July 10, 1927
Born and raised in Trenton, New Jersey, politician David Norman Dinkins served in the Marine Corps during World War II. In 1950 he graduated from Howard University and later entered Brooklyn Law School, where he received a degree in 1956. From 1956 through 1975 Dinkins worked as an associate and partner in a law firm.
In the early 1960s Dinkins joined Harlem's George Washington Carver Democratic Club, then headed by the powerful city councilman J. Raymond Jones. He soon took an active interest in local politics and was elected to the New York State Assembly in 1965 and as a New York State Democratic Party district leader in 1967. He lost his assembly seat as a result of redistricting after only one term but continued his political career as Harlem's district leader. In 1972 Dinkins became the first African-American president of the Board of Elections, but he resigned a year later in protest when the department failed to enact registration reforms.
In 1973 Dinkins was appointed deputy mayor for planning and development under newly elected Mayor Abraham Beame. His attempt to become New York City's first black deputy mayor was ended when he disclosed that he failed to pay income taxes for the four previous years. He withdrew his nomination and paid heavy fines, but he continued his career despite this setback. In 1975 he was named city clerk, a position he would hold for ten years. He twice ran for Manhattan borough president, in 1977 and 1981, losing both times to Andrew Stein. Dinkins finally won the office in 1985 and served for one term.
In 1989 Dinkins ran for mayor against incumbent Edward I. Koch. Dinkins presented himself as a civil alternative to the acrimonious Koch and as someone who could better handle the city's racial problems, which he accused the three-term mayor of exacerbating. He defeated Koch in the Democratic primary and in the election defeated Republican Rudolph Giuliani by a slim margin, thereby becoming the first African-American mayor in New York City's history. His tenure as mayor had its share of budgetary and political problems. He earned the reputation of a cautious and careful administrator who proved reasonably adept in negotiating the treacherous complexities of New York City's racial and ethnic politics, but he was widely criticized as ineffective and biased in his handling of black boycotts of Korean-American shop owners in 1992 and in his response to the Crown Heights riot in 1993. Following his narrow defeat for reelection by Rudolph Giuliani in 1993, Dinkins began teaching at Columbia University and hosted a weekly public affairs radio program.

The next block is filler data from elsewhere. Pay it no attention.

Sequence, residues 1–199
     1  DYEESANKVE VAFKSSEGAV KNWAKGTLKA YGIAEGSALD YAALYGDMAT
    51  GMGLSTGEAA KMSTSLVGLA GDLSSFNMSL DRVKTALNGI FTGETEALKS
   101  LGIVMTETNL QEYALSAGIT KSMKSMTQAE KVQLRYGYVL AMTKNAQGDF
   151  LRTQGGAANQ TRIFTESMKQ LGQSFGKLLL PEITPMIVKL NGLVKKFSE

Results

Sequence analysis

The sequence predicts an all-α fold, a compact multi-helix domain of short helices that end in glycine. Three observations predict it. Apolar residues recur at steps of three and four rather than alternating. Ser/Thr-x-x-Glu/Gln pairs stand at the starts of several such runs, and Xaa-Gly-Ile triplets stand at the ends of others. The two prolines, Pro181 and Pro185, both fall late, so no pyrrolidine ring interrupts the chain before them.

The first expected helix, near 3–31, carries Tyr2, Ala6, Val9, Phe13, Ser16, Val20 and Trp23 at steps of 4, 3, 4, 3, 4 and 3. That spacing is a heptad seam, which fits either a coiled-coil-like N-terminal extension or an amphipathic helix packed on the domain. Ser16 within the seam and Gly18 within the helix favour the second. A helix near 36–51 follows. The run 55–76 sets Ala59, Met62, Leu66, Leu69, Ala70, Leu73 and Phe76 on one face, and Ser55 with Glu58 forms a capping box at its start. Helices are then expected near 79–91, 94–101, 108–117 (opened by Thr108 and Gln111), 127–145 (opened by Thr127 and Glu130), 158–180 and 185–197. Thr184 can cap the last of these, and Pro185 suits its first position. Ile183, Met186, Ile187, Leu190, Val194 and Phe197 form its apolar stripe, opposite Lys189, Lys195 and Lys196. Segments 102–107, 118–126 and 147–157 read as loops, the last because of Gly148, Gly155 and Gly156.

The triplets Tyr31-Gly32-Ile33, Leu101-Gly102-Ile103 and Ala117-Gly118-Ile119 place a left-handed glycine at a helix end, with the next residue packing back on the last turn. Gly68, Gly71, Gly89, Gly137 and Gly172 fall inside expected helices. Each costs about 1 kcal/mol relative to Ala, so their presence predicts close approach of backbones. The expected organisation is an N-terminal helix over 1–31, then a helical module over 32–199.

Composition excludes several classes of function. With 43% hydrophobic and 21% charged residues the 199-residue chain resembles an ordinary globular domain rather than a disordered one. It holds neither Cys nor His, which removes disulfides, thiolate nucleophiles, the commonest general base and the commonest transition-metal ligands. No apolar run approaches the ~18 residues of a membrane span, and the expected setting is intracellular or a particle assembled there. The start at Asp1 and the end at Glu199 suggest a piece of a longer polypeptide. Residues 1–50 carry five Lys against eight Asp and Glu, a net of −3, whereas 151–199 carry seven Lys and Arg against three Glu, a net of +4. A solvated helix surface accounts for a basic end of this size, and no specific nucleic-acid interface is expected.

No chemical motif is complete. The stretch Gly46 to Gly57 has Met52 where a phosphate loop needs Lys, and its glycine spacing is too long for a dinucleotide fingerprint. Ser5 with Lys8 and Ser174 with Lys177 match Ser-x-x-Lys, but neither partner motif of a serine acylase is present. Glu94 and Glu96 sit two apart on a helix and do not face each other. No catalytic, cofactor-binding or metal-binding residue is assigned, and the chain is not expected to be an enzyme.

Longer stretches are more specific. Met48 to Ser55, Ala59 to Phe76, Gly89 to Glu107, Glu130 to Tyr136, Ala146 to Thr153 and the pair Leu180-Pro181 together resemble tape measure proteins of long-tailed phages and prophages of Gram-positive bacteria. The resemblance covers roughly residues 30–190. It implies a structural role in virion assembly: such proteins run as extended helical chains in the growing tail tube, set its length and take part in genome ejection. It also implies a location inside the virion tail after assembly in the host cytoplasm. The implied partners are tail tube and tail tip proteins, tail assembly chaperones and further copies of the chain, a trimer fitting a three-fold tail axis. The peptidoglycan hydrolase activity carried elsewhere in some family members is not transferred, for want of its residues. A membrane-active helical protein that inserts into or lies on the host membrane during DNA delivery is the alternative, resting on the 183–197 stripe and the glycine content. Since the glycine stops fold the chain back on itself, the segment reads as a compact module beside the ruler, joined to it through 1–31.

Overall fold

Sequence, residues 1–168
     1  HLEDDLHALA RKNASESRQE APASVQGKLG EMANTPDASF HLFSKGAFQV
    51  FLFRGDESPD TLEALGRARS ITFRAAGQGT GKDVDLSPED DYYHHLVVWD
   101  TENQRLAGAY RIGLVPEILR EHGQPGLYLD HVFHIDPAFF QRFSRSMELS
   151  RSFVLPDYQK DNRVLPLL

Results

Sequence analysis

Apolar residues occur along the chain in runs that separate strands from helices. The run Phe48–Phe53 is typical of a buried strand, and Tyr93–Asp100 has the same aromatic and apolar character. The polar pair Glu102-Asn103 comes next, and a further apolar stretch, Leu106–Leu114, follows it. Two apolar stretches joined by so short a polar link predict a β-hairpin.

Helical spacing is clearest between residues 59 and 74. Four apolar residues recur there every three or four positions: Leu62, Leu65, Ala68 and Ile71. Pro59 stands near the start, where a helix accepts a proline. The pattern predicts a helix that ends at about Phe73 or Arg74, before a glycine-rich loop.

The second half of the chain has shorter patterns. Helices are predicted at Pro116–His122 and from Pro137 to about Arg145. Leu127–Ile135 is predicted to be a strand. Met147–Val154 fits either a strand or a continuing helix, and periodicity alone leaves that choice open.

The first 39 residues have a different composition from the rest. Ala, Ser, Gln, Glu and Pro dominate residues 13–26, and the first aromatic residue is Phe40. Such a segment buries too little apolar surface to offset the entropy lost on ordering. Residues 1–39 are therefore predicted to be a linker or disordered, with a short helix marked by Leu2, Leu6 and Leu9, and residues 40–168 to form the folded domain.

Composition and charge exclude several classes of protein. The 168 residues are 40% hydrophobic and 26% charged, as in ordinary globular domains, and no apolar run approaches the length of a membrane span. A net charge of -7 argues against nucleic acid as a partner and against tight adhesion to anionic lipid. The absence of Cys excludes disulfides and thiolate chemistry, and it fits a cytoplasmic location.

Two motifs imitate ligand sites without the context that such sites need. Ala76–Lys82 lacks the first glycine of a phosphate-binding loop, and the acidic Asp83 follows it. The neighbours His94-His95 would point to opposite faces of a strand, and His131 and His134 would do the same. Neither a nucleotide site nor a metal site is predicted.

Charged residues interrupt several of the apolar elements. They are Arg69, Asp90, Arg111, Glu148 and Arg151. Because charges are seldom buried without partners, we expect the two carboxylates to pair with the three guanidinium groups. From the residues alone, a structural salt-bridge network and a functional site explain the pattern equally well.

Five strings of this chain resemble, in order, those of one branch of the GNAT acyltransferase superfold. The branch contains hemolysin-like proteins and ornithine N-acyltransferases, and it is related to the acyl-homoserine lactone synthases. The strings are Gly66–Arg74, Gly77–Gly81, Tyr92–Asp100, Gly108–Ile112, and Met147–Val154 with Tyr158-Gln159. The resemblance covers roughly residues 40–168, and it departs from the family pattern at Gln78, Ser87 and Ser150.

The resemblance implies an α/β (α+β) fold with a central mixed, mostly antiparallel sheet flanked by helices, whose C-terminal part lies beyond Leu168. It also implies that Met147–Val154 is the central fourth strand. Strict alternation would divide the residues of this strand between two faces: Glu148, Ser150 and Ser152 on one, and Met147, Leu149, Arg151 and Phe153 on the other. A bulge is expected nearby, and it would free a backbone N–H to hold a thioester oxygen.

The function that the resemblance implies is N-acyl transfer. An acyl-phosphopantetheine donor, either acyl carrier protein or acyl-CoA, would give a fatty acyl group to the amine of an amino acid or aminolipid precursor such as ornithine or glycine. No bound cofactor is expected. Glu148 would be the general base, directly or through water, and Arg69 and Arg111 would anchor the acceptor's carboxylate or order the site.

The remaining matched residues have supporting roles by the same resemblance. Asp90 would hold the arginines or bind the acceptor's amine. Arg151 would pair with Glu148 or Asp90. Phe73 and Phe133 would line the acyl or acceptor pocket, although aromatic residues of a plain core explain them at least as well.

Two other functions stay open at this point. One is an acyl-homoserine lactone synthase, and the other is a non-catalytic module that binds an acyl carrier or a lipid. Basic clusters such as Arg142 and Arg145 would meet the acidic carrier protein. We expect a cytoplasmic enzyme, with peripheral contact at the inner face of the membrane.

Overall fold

A former tennis player, Dinkins was inducted into the United States Tennis Association (USTA) Eastern Section Tennis Hall of Fame in 1993. Serving a fourth consecutive term as a Director at Large of the USTA in 2005, Dinkins continued teaching as Professor in the Practice of Public Affairs at Columbia University.
See also Mayors; Politics in the United States; Tennis
"David N. Dinkins." In Notable Black American Men. Detroit, Mich.: Gale, 1998.
Moritz, Charles, ed. Current Biography Yearbook 1990. New York: H. W. Wilson, 1990.
james bradley (1996)
Updated by publisher 2005